Archives de catégorie : climate-debate

Acceleration in European Mean Sea Level? A New Insight Using Improved Tools

by Phil J. Watson, Journal of Coastal research, May 2017

Key findings are that at the 95% confidence level, no consistent or compelling evidence (yet) exists that recent rates of rise are higher or abnormal in the context of the historical records available across Europe, nor is there any evidence that geocentric rates of rise are above the global average. It is likely a further 20 years of data will distinguish whether recent increases are evidence of the onset of climate change–induced acceleration.

Uncertainty about the Climate Uncertainty Monster

by Judith Curry, May 19, 2017

The many dimensions of the climate uncertainty monster.

Bret Stephens’ climate change op-ed of several weeks ago Climate of Complete Certainty spawned a number of articles related to uncertainty and climate change.

Andy Revkin’s article in response was titled There are lots of climate uncertainties.  Let’s acknowledge and plan for them with honesty.    Revkin even mentions the Uncertainty Monster and Jeroen van der Sluijs.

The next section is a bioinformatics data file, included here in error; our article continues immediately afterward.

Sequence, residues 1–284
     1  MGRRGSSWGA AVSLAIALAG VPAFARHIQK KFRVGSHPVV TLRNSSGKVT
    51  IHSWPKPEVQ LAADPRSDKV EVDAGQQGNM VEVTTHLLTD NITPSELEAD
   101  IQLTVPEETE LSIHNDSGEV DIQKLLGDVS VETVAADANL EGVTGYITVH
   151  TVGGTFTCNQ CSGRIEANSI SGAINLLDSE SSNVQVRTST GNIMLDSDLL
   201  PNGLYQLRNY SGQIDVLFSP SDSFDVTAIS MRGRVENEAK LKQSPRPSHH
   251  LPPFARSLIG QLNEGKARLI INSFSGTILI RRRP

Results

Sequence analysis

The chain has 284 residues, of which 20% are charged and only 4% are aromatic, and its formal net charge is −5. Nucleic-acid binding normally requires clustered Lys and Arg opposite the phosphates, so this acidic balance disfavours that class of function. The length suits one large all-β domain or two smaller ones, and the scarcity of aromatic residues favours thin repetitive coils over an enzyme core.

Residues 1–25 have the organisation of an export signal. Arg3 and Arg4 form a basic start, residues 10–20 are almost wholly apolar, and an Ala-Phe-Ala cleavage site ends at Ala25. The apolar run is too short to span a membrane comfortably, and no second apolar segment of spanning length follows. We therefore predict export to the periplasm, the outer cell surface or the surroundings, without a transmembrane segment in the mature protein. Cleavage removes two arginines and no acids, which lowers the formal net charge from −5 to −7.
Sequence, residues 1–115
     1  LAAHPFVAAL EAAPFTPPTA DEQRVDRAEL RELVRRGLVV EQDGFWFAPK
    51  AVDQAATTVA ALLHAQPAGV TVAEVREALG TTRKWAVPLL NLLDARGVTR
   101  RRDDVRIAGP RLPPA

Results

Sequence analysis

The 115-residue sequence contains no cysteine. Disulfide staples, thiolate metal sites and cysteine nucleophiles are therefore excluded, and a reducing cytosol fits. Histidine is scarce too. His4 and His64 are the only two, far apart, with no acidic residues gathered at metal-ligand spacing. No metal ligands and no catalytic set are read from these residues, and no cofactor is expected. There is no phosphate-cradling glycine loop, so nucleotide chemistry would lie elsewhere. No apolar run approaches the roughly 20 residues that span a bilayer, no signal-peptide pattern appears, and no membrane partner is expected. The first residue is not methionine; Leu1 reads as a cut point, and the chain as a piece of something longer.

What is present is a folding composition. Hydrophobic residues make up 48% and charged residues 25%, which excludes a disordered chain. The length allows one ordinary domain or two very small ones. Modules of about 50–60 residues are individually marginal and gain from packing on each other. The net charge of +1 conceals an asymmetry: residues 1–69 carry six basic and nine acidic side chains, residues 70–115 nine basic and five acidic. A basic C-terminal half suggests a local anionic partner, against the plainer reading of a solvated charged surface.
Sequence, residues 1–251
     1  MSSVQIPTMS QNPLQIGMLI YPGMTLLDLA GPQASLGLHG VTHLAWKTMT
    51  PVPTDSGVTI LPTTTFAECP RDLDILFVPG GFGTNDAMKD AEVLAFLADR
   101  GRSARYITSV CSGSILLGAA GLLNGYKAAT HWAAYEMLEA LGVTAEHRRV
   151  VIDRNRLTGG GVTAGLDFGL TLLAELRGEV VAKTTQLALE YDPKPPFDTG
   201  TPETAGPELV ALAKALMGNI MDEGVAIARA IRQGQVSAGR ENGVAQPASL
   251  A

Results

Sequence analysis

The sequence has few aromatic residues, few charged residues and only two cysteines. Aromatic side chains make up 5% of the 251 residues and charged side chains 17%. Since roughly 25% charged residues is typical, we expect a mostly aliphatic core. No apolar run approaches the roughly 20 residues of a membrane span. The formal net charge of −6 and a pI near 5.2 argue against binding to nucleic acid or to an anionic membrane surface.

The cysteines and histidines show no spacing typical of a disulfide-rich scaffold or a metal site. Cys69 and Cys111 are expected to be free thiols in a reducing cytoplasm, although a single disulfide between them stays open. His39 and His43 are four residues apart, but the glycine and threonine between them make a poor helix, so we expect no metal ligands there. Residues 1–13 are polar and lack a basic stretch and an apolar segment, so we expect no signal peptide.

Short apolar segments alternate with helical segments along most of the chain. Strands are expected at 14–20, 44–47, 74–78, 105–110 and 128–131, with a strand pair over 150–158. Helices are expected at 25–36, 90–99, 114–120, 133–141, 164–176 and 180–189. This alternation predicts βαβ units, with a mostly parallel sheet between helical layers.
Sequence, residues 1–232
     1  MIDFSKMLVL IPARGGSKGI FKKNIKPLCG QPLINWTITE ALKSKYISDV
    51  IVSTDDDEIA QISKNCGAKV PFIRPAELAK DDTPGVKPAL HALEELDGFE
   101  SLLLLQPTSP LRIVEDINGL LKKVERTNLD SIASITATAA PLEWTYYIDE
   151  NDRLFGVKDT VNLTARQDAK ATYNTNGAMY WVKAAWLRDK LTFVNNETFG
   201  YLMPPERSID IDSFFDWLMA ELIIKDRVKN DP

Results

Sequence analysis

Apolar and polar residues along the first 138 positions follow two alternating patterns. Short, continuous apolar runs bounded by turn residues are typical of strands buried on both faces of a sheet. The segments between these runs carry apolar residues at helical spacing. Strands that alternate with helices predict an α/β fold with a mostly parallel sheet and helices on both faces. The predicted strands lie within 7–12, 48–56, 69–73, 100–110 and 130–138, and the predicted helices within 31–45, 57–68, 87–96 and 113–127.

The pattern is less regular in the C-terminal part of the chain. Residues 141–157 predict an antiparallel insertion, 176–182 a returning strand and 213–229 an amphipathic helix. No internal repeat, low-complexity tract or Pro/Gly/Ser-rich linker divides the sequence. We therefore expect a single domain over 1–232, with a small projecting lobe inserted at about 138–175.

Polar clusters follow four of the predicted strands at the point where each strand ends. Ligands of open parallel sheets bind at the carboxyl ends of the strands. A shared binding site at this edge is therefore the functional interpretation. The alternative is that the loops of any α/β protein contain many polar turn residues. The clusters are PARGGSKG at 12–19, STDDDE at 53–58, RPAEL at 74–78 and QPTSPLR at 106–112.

Early 20th-century Arctic warming intensified by Pacific and Atlantic multidecadal variability

by Hiroki Tokinaga et al., PNAS, May 1, 2017

Arctic amplification is a robust feature of climate response to global warming, with large impacts on ecosystems and societies. A long-standing mystery is that a pronounced Arctic warming occurred during the early 20th century when the rate of interdecadal change in radiative forcing was much weaker than at present. Here, using observations and model experiments, we show that the combined effect of internally generated Pacific and Atlantic interdecadal variabilities intensified the Arctic land warming in the early 20th century.

80 Graphs From 58 New (2017) Papers Invalidate Claims Of Unprecedented Global-Scale Modern Warming

by Kenneth Richard, May 29, 2017

Last year there were at least 60 peer-reviewed papers published in scientific journals demonstrating that  Today’s Warming Isn’t Global, Unprecedented, Or Remarkable.
Just within the last 5 months,  58 more papers and 80 new graphs have been published that continue to undermine the popularized conception of a slowly cooling Earth temperature history followed by a dramatic hockey-stick-shaped uptick, or an especially unusual global-scale warming during modern times.


Claim: Dams are major driver of global environmental change

by University of Waterloo, May 17, 2017

Water reservoirs created by damming rivers could have significant impacts on the world’s carbon cycle and climate system that aren’t being accounted for, a new study concludes.

The study, conducted by researchers at the University of Waterloo and the Université libre de Bruxelles, appears in Nature Communications. It found that man-made dam reservoirs trap nearly one-fifth of the organic carbon moving from land to ocean via the world’s rivers.